The Duke’s Disaster
More than most Regency authors, Burrowes probes the darkness behind the glittering façade of wealth and privilege among the aristocracy. The Captive Hearts series focuses on the after-effects of war upon returning soldiers, and this particular romance upon rape, and the vulnerable situation of dependent women, even well-born ones.
Despite his confession, when he proposes that he is “not a nice man,” Noah, the Duke of Anselm, is actually surprisingly considerate and very fond of the females in his family, even his cat. Thea’s problem is less his daunting practicality and disconcerting habits, than that she is no longer a virgin, as the duke discovers on their wedding night. He, however, responds better than she expected and, with patience and understanding, eventually they achieve the happy marriage both deserve. The gradual revelation of her innocence, and the progression from wary companionship to true love, is handled adroitly.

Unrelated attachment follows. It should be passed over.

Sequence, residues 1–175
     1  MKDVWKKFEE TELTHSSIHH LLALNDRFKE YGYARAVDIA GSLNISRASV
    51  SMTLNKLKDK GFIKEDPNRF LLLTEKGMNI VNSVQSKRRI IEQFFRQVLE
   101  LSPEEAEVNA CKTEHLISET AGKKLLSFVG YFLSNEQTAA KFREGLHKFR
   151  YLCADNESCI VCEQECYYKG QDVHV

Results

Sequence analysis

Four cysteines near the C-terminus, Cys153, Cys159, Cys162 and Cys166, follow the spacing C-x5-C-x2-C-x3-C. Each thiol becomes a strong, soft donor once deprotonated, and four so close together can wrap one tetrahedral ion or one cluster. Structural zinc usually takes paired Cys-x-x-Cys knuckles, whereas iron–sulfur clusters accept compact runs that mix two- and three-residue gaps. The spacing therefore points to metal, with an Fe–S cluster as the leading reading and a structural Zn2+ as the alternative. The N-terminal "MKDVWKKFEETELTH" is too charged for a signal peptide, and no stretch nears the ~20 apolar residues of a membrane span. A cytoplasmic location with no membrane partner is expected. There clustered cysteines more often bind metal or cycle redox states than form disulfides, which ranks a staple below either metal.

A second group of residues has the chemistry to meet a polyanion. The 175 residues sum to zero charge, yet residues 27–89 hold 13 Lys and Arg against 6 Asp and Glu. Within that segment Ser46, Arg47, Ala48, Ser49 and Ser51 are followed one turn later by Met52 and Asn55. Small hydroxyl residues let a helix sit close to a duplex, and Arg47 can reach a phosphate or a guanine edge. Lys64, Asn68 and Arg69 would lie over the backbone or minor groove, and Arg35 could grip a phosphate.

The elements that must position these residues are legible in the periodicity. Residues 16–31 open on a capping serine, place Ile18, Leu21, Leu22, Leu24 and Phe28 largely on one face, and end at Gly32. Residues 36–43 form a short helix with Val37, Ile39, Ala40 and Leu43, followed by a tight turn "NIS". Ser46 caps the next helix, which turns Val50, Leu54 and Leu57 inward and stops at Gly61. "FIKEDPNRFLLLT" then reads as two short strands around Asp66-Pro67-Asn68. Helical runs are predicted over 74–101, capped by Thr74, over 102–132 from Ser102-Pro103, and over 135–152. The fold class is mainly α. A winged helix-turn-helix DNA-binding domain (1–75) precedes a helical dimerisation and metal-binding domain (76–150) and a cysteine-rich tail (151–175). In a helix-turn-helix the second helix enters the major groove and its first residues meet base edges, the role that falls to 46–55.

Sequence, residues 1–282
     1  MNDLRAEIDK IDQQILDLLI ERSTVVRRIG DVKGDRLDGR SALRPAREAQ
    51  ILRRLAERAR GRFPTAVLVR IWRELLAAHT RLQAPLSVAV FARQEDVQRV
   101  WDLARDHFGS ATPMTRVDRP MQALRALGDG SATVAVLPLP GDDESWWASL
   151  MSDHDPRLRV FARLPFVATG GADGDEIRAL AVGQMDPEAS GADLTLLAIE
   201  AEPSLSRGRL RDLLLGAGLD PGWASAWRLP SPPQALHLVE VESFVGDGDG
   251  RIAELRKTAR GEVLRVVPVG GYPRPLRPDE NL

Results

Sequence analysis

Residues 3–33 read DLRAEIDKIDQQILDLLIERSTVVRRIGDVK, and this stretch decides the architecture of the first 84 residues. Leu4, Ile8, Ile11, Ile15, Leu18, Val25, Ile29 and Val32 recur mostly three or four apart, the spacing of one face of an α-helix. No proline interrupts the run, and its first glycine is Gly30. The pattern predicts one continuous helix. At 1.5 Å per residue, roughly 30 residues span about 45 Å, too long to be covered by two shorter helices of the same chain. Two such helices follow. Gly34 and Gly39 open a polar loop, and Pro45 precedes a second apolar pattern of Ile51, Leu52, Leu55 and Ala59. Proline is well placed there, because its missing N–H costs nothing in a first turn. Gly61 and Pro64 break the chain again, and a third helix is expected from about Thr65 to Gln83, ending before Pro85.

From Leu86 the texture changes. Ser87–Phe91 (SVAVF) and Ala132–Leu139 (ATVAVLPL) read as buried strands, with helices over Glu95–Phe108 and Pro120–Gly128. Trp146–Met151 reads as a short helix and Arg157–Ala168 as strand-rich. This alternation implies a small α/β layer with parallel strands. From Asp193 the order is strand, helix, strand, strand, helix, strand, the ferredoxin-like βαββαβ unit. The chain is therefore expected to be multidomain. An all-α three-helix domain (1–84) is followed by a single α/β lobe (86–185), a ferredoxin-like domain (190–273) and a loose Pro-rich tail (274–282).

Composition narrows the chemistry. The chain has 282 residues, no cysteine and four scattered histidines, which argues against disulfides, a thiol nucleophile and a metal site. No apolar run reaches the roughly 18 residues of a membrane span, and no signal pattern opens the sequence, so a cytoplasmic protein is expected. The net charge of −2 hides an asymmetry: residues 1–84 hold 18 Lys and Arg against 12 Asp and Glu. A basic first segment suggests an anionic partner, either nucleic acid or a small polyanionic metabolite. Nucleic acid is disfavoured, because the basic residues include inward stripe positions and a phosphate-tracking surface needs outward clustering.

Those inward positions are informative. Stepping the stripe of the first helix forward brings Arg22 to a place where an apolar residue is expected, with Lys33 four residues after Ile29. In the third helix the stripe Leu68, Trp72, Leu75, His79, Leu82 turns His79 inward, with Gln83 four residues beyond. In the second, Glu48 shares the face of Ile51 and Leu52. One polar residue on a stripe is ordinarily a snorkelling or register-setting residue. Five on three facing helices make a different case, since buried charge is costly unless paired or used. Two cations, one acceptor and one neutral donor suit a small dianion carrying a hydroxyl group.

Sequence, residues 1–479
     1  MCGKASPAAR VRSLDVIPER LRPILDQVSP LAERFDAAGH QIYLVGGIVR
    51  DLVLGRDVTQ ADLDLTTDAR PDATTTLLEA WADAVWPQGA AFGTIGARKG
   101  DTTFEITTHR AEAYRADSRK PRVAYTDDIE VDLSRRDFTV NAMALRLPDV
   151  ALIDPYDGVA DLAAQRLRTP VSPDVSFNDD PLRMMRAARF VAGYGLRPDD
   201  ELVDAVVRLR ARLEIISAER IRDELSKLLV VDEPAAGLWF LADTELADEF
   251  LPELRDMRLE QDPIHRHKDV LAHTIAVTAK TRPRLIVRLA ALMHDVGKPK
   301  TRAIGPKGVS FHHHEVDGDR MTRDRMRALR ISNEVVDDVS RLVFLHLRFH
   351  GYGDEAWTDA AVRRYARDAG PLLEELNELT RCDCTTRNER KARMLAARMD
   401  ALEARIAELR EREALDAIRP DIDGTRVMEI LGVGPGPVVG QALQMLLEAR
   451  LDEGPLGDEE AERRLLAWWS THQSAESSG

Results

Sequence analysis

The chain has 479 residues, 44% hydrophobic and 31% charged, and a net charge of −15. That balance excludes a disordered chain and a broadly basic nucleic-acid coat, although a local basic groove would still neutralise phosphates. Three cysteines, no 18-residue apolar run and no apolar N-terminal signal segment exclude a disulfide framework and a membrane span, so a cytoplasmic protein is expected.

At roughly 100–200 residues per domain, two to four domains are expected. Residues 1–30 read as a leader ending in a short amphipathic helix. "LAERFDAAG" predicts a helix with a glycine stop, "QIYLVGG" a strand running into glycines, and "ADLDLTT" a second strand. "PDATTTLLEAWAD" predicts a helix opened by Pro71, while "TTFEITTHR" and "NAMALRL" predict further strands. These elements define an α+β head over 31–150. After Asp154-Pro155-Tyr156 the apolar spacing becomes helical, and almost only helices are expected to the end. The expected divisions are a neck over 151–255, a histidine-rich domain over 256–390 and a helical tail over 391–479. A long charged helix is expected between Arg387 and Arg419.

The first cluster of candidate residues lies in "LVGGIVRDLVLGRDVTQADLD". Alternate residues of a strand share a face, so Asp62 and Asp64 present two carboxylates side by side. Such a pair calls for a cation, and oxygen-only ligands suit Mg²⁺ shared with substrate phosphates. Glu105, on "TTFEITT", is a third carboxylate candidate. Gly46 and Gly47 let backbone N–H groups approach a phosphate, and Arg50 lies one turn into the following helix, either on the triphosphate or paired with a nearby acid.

Burrowes has a fine control of subtle irony, and the interaction between two attractive characters is lively and enjoyable. Apart from an unfortunate lapse into melodrama at the climax, the romance is skillfully structured and elegantly written. Definitely recommended.